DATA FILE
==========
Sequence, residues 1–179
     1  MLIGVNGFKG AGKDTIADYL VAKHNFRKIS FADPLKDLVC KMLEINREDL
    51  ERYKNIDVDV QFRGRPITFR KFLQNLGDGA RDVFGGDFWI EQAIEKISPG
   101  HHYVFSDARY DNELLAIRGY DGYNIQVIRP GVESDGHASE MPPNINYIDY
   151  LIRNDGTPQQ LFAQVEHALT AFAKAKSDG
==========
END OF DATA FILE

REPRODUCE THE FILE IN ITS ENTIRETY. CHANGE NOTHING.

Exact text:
Sequence, residues 1–179
     1  MLIGVNGFKG AGKDTIADYL VAKHNFRKIS FADPLKDLVC KMLEINREDL
    51  ERYKNIDVDV QFRGRPITFR KFLQNLGDGA RDVFGGDFWI EQAIEKISPG
   101  HHYVFSDARY DNELLAIRGY DGYNIQVIRP GVESDGHASE MPPNINYIDY
   151  LIRNDGTPQQ LFAQVEHALT AFAKAKSDG